Palace says 2 JI members killed in Mindanao
More News from Philippine Daily Inquirer
MANILA, Philippines—Malacañang confirmed Saturday that the government had “successfully neutralized” two Jemaah Islamiyah members in separate incidents in Mindanao late last year.
Palace spokeswoman Abigal Valte identified the two as Ibnu Gholib al-Jitli a.k.a. Ustadz Sanusi, an Indonesian, and Noor Fikrie Kahar, a Malaysian.
“These are tangible gains in our fight against terrorism, and it is our hope that this will signal to other like-minded people that they cannot just come to the Philippines and use our country as a safe haven for people like them to spread acts of terror,” said Valte.
She said this was “good news,” and that “it is only proof of our continuing fight against terrorism.”
Sanusi was killed in a shootout with authorities in Marawi City on November 21.
Valte said that Sanusi had engaged in a firefight security forces that raided his hideout when they attempted to arrest him. But he was shot before he could flee.
“During the investigation by the police, they found improvised electronic devices and large amounts of currency among his personal effects,” said Valte.
Sanusi was believed to be a senior JI member who figured in a beheading incident in Indonesia in 2005, a year before he fled to Mindanao. He beheaded three Christian schoolgirls in the town of Poso in Sulawesi, Indonesia, said Valte.
Kahar was shot dead while attempting to detonate an improvised explosive device in a Davao City hotel on December 18.
His spouse, Anabelle Nieva Lee, remains in the custody of the authorities, and is “under judicial process,” said Valte, who did not elaborate.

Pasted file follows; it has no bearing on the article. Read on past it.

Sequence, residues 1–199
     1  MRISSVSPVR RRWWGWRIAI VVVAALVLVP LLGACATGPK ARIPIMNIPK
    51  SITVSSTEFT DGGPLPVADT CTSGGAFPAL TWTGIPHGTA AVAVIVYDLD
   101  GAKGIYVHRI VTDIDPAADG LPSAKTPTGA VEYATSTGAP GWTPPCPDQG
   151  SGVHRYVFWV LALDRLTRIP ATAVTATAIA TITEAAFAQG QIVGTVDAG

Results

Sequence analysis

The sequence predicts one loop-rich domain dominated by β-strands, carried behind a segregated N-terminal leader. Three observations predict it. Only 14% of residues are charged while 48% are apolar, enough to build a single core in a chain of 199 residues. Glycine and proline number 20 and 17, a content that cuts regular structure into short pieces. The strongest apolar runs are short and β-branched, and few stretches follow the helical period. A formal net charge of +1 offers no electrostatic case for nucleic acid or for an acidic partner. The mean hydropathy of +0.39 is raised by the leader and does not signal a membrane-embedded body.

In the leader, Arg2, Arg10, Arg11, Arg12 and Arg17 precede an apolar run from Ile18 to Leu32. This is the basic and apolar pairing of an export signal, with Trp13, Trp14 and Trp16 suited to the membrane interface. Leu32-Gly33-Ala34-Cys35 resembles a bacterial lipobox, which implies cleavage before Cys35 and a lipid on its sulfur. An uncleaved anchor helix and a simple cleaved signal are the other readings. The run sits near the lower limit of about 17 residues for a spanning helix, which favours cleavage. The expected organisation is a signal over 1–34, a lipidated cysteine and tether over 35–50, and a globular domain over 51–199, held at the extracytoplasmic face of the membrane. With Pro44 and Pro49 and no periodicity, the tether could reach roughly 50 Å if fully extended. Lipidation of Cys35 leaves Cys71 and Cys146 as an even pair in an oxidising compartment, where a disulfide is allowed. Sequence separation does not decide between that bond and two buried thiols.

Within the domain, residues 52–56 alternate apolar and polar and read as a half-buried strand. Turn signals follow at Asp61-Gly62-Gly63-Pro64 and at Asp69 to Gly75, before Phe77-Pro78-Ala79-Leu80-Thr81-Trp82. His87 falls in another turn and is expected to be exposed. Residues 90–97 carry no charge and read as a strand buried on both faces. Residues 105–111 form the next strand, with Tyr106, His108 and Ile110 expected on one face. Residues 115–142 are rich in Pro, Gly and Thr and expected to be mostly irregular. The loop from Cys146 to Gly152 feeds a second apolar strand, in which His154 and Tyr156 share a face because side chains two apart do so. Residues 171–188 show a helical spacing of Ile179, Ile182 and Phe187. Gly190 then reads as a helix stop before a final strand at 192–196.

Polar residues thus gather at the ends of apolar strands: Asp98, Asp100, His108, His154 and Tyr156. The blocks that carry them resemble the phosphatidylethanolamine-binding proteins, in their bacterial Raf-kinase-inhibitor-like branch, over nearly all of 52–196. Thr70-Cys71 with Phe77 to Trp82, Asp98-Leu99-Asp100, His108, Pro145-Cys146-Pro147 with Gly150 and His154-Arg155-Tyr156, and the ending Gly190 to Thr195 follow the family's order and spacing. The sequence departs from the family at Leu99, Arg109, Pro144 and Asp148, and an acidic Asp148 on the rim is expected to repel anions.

“So at least we could show that the government is serious in its anti-terror campaign,” said Valte.
JI is a Southeast Asian extremist group that is responsible for a series of terror attacks on government and civilian targets, including the infamous bombings in the Indonesian resort of Bali, which killed 202 people, in 2002.
The Indonesian-based terrorist group was formed in the early 1990s to establish an Islamic estate in Southeast Asia, including southern Philippines.
Mindanao, at one point, had become a training ground for JI members.
Disclaimer: The comments uploaded on this site do not necessarily represent or reflect the views of management and owner of INQUIRER.net. We reserve the right to exclude comments that we deem to be inconsistent with our editorial standards.
To subscribe to the Philippine Daily Inquirer newspaper in the Philippines, call +63 2 896-6000 for Metro Manila and Metro Cebu or email your subscription request here.
Factual errors? Contact the Philippine Daily Inquirer's day desk. Believe this article violates journalistic ethics? Contact the Inquirer's Reader's Advocate. Or write The Readers' Advocate:
c/o Philippine Daily Inquirer Chino Roces Avenue corner Yague and Mascardo Streets, Makati City,Metro Manila, Philippines Or fax nos. +63 2 8974793 to 94